General Surgery Residency
The Dartmouth-Hitchcock General Surgery Residency program offers a five-year ACGME accredited surgery program at Dartmouth-Hitchcock Medical Center, located in rural Lebanon, New Hampshire.
We also provide experiences at the following hospitals:
- Concord Hospital in Concord, NH: Providing a view of community surgical practice.
- New London Hospital in New London, NH: Providing experience in general surgery, laparoscopy, and endoscopy in a community-based surgical practice.
- Veteran's Administration Medical Center in White River Junction, VT: Providing experience with an aging and, often, indigent population with multiple co-morbidities.
The quality of the educational experience is the major focus of the rotations in our training program. Our Surgical Education Committee, which consists of resident and faculty representatives, monitors the quality of each rotation experience and participates aggressively in the effort to continuously improve the curriculum within our training program.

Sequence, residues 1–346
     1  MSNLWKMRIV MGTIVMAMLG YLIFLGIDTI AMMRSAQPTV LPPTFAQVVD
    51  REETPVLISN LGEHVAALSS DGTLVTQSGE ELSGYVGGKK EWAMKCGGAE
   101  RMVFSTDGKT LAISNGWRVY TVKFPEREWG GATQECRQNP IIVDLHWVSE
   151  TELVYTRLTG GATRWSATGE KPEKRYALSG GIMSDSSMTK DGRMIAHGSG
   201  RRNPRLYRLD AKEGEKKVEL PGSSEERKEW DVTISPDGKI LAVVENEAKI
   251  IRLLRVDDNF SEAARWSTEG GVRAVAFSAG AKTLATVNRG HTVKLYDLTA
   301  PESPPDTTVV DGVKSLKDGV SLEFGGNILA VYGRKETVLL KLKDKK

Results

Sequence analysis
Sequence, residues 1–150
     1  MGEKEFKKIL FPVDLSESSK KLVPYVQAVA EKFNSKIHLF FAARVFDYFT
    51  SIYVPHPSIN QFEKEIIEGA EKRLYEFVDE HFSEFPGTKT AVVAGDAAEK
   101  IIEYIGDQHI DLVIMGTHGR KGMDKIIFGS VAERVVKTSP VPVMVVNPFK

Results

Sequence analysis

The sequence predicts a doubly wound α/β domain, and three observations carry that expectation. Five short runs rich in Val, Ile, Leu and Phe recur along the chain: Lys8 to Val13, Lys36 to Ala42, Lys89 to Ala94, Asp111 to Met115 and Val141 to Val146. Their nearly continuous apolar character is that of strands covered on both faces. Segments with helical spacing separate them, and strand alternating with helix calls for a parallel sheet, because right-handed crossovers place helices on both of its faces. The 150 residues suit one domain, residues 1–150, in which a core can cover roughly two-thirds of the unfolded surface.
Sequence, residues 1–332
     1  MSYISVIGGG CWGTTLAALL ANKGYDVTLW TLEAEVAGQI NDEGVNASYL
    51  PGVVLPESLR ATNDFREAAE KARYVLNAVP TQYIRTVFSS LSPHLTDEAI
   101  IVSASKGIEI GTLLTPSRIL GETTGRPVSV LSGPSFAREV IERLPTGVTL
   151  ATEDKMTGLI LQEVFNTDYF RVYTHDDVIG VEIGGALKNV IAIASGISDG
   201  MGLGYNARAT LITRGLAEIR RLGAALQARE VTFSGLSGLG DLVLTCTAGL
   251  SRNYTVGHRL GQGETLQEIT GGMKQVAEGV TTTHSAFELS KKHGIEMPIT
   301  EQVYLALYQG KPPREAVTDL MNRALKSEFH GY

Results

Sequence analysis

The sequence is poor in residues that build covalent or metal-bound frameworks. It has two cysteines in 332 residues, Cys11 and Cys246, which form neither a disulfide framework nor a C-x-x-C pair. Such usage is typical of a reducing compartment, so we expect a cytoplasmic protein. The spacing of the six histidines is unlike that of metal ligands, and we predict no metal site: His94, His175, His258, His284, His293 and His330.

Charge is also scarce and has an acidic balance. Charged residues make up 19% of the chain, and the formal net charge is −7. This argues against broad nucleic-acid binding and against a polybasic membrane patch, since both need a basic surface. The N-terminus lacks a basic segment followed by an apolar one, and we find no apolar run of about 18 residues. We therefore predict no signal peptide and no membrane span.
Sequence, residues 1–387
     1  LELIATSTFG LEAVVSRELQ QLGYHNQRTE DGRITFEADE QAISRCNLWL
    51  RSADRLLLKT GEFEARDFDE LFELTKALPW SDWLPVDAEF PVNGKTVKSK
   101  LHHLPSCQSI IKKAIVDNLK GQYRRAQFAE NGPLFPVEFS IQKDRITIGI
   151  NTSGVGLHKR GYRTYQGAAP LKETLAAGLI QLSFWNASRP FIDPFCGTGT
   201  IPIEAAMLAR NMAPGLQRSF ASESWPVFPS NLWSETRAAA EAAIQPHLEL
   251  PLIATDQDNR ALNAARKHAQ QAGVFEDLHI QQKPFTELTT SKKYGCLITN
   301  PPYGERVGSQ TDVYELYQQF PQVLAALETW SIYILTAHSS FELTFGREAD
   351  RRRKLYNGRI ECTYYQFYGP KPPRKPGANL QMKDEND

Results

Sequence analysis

The training and research experience
The training experience is an intimate one due to the relatively small size of our program. Our faculty are academically active, relatively young in age, and small in number.
Our chief residents each finish with case numbers and types that compare quite favorably with those of their colleagues throughout the nation. The ratio of published, peer-reviewed articles and book chapters to the number of faculty compares favorably to any academic surgical department in the United States. The same is true for the amount of grant support received from NIH and other outside funding sources.
The research experience at Dartmouth typically occurs after the second clinical year. It is not compulsory, nor is the length of time in the laboratory mandated.
Residents may also be interested in the Leadership Preventive Medicine Residency, or may decide to continue their training without interruption.
Trainees in our program most commonly choose to continue post-graduate training after the completion of their general surgery training. Typically, one in five or six of our residents decide to enter directly into general surgery practice. Their specialties mirror the distribution that occurs throughout the nation.
A high percentage of our graduates apply to cardiothoracic, plastics, and vascular post-graduate training programs. The majority, however, tend to pick the following general surgery specialties: